As you may have heard in my BiggerPockets Podcast episode, I am a big fan of seller financing and leveraging. My favorite way of buying real estate at the moment is via seller financing (but it doesn’t mean that I only want to buy real estate this way.) I am also a fan of selling real estate through seller financing (also known as an “owner carry”) as well. During a depressed market, I strongly believe in leveraging when it comes to buying – but at some point, you have to consider selling also. When it comes to selling real estate by carrying paper, it can be real fun.
So let’s examine a possible seller financing sale I am considering:
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The Two Bedroom Condo
I recently purchased a 2 bedroom condo with all cash in Las Vegas for approximately $65,000 after all closing costs (which is painful because 2 years ago I could have bought it for maybe $40,000 or less). Nevertheless, it is still a good investment – since as I am typing this, I actually have a renter looking to move into this condo for $695. Let’s just roughly call it a 7.5% cash on cash return. Not “mind blowing cool,” but hey, I am waiting for this condo to shoot back to $150,000 one of these days.
In any case, given what I know in the Vegas market – where finding inventory is super hard – I began to think about “what if I flip this property via seller financing?”
Despite the fact that I absolutely hate selling my real estate way too early before another super bubble comes around, I might consider it if I can recoup most of my capital invested.
So what are my terms? I want to sell this condo at $90,000 via seller financing and I want the buyer to put 50% down while I carry the rest of the $45,000 at 8% 30-year amortization with a 3 year balloon payment.
Am I too ambitious? Probably. But who cares? In this crazy market, anything goes. Besides, I now have a renter in there for $695 a month so I can afford to hold on and ask a little higher.
What Could Happen
So what happens if I do find a buyer?
Roughly speaking, I would get about (for case study purposes, let’s just ignore closing costs to not complicate matters) $45,000 back, which makes my total investment in the property $20,000. In the mean time, I would now carry a $45,000 note that would pay me $330.19 a month, which is not a far cry from the $405 a month I would get if I were to have a renter minus the normal expenses.
That’s right, if I were to sell it, I would no longer have to worry about expenses like maintenance, property taxes, insurance and other homeowner burdens. All I need is to wait for a check in the mail.
What’s the return like if I carry out this plan? My $20,000 investment will yield me $3,962.33 a year which means I would have a 19.81% return on my money. I have a $25,000 capital gain, which is not unreasonable given that most seller financing properties are sold at a premium compared to the market.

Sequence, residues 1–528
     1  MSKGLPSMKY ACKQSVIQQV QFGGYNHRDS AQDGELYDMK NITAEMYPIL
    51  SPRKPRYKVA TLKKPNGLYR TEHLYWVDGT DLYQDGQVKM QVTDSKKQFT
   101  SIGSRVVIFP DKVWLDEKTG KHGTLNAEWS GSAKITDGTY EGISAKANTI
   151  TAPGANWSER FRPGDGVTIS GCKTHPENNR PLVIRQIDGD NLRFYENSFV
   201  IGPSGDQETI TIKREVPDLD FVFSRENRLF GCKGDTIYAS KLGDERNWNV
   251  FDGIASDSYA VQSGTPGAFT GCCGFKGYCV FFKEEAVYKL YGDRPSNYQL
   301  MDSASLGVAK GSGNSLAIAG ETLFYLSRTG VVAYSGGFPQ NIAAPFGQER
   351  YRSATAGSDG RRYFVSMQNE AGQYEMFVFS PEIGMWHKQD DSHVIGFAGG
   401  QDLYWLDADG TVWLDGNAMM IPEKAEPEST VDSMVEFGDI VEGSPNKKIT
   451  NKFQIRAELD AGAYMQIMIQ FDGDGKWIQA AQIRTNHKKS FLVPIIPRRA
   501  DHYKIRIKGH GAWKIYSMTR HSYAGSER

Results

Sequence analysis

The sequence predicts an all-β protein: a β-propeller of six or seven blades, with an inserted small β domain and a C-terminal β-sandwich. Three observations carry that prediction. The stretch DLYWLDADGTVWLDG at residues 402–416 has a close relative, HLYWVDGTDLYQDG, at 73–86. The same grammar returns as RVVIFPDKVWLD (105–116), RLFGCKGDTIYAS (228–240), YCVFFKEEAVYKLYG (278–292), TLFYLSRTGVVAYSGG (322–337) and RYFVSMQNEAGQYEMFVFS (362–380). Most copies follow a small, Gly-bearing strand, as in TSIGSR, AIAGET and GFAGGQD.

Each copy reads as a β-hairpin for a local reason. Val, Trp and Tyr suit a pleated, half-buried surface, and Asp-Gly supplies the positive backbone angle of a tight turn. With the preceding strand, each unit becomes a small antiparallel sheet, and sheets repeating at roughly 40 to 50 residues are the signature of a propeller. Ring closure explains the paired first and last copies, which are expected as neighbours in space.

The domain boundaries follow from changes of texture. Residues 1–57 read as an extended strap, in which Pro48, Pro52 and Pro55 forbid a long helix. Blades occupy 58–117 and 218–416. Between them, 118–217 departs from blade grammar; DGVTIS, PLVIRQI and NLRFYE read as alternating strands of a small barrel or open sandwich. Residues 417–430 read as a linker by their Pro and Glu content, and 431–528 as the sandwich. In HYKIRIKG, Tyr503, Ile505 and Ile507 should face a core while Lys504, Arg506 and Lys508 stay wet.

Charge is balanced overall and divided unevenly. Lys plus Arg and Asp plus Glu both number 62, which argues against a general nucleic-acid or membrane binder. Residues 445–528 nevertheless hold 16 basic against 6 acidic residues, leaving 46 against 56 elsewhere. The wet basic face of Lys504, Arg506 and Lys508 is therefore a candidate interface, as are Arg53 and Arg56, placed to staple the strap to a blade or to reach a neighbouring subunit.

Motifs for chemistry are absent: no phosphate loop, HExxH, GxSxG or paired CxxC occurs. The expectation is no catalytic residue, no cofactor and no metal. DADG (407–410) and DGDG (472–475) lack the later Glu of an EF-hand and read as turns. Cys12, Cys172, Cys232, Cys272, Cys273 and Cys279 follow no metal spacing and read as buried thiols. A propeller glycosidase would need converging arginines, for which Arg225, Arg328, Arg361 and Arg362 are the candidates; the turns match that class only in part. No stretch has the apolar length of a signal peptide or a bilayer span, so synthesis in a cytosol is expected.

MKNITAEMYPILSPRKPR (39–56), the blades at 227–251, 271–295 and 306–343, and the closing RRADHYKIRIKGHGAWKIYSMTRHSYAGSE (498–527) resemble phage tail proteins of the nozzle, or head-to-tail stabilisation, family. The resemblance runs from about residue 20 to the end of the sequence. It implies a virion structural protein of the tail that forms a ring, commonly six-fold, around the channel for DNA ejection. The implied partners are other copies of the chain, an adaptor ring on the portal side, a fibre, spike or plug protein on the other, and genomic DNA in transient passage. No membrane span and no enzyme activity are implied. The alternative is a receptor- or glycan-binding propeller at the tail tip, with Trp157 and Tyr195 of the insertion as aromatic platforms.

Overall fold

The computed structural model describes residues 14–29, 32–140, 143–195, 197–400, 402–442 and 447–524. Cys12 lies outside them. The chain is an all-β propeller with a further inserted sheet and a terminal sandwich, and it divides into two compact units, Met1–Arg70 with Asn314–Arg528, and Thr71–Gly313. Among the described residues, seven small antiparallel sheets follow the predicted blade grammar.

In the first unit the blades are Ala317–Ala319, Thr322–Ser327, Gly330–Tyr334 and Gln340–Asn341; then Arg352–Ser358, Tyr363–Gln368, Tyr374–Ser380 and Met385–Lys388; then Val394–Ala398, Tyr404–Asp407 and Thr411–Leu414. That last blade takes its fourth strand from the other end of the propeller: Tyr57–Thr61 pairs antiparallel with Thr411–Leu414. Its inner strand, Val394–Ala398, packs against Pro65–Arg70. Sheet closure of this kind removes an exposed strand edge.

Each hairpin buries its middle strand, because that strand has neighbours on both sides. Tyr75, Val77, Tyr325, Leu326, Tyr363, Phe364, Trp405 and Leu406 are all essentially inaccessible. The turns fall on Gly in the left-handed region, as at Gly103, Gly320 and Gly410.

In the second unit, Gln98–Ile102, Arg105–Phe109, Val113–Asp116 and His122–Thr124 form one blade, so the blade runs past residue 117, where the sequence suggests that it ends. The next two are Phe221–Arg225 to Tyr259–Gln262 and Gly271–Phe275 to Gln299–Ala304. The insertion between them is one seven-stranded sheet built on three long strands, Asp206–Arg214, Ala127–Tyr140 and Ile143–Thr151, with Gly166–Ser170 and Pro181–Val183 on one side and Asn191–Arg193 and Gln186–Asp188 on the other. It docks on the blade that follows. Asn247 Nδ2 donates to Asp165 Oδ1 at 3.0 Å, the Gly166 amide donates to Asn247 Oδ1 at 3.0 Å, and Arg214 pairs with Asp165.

But what if that $20,000 in capital is still important to me and I want to deploy it? Why don’t I sell this $45,000 loan to someone else? If I have a buddy who’s just have money sitting around with nothing to do, why don’t I sell the note to them, heck, even at a discount? Let’s say I sell this loan to my buddy for $40,000 instead of $45,000, he can earn $3,962.33 a year from a $40,000 investment, still a cool 9.91% a year, much better than the CDs or the stock market. Meanwhile, I just recouped $40,000, thereby making my profit a cool $20,000.
Yes, I just flipped that house for an extra $20,000 profit. Now if the buyer of this condo doesn’t pay, my buddy can foreclose on the buyer and get the condo. Not too bad eh?
The Benefit for the Buyer
What’s in it for the buyer? Well, there are two options.
1.) One, the buyer can kick the tenant out and live in there. The cost to live in the condo, which is $330.19 payment plus $145 HOA plus $100 insurance and taxes would come close to $575, which is cheaper than the $695 rent. Plus the buyer gets to own all the future appreciation potential. Heck, the buyer actually gets to buy a house, which is hard enough to do in Las Vegas. Furthermore, the buyer was able to borrow the money without having to go through a bank or having his or her credit sifted through. It could work well for someone who recently decided to let their property go in a foreclosure or a short sale because they bought something bad back in the mid 2000s.
2.) The buyer could let the tenant stay and collect the $695.00 a month, which would gross a $405 profit. Subtract the payment and he gets a monthly cash flow of about $75. Not much, but at least the buyer doesn’t have to make payments and just wait for the house to appreciate.
Let’s just say if the house did go up to $150,000, the buyer would have made a lot more money because the buyer put only half the required capital down. The power of leverage would allow the buyer to get about $60,000 from a $45,000 investment. If the buyer paid cash to buy the condo at say $70,000, the buyer would have made more money but a lower return in terms of percentage.
In this instance, both sides can win.
Obviously, asking for 50% down might be a bit too optimistic. But this is just a starting point for you to get to thinking about how you want to sell your property.
In the meantime, I will keep posting that on Craigslist everyday and see if anyone bites.